June 25, 2012
Shortly after sunrise near Pipeline Road in Panama’s Soberania National Park, Ioana Chiver plants two poles in the ground and pulls bunches of netting out of a canvas bag
Shortly after sunrise near Pipeline Road in Panama’s Soberania National Park, Ioana Chiver plants two poles in the ground and pulls bunches of netting out of a canvas bag.
When it is first strung between poles, the mist net looks like a Halloween witch’s wig. Ioana works her own magic, as mosquitoes whine in harmony around her head, to untangle it and make it disappear against a background of green-fruited Psychotria shrubs and swirly stems of orange-flowered Renealmia.
Ioana’s been migrating between York University in Canada and Panama since 2006, watching and recording the calls of birds that live here year-round. Unlike Canada’s mostly insectivorous birds, her Red-throated Anttanagers eat and feed their young a mixed diet of insects and fruit. How does a bird’s diet affect timing of reproduction and mate choice?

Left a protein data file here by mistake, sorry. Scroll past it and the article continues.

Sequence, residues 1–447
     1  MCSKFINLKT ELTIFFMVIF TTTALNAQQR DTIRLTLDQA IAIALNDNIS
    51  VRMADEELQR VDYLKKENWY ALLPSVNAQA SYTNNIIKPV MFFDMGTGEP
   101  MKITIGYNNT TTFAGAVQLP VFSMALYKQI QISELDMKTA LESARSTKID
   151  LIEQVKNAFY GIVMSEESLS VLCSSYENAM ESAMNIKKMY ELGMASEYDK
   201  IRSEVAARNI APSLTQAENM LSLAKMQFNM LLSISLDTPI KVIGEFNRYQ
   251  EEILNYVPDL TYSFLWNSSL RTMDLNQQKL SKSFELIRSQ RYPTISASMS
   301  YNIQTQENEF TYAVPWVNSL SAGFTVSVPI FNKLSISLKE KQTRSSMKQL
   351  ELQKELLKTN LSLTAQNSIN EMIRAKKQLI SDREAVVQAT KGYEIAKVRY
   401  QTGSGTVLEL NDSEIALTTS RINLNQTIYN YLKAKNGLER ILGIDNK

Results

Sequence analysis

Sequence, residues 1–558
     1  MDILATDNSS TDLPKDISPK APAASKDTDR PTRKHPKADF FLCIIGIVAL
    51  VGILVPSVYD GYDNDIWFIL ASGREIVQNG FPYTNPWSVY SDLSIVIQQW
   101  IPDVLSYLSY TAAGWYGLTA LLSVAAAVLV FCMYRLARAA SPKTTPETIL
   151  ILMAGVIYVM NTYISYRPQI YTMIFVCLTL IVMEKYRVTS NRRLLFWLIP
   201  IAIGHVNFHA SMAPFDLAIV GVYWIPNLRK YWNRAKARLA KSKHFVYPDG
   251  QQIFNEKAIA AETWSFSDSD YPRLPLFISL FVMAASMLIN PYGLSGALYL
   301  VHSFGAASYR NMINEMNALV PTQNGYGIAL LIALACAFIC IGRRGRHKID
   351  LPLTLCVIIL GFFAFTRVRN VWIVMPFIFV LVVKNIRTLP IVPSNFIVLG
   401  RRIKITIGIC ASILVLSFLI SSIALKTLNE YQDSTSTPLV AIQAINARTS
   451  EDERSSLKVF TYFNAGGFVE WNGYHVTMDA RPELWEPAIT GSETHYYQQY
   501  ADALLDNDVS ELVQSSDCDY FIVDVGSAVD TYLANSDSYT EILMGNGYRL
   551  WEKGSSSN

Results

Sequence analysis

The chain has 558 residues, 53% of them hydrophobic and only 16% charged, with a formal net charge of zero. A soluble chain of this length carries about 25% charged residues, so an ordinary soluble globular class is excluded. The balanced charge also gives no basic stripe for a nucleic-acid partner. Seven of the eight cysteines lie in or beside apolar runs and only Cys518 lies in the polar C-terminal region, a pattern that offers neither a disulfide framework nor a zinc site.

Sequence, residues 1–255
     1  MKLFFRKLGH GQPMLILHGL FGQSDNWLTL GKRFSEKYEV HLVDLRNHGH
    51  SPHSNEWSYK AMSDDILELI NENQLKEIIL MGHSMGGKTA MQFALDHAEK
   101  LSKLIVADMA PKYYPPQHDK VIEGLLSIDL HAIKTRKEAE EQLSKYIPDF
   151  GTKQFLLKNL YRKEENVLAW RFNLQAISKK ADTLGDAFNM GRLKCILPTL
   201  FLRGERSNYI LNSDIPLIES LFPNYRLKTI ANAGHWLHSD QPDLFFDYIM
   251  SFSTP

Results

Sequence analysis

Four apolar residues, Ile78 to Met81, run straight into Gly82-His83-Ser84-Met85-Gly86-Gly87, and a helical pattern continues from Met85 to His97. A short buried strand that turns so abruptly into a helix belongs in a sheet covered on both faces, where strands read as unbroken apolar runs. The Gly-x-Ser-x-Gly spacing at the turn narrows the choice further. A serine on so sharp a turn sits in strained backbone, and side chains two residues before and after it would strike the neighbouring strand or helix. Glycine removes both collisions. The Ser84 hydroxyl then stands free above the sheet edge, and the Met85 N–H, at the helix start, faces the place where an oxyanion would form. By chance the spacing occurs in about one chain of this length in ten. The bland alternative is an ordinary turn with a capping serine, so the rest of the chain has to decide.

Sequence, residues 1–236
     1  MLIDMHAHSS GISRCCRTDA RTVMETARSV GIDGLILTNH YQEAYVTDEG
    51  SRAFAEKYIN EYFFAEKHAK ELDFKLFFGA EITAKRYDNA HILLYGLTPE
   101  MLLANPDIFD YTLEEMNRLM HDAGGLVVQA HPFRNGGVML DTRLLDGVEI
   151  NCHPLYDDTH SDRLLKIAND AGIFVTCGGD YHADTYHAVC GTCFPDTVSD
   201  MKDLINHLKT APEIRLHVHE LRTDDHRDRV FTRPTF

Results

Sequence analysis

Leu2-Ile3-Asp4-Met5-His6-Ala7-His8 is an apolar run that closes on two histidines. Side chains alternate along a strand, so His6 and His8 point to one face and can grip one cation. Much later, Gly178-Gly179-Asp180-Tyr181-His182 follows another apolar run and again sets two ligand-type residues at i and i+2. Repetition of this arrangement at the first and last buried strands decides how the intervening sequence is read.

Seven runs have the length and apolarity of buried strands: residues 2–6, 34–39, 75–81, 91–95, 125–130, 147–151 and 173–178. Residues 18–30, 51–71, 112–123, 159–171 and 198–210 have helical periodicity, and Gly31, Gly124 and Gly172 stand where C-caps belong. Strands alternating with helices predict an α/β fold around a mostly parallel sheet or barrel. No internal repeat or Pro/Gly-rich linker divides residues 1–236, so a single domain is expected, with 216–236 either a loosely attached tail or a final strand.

Now in that purgatory of revising papers after a successful PhD defence, Ioana is wondering how often fruit eating is associated with increased courtship behaviour and multiple mating.
A bird in the hand is hard won but yields much information: size, weight, overall health and a blood sample, which lets Ioana know if it is related to both members of a nest pair or only its mother.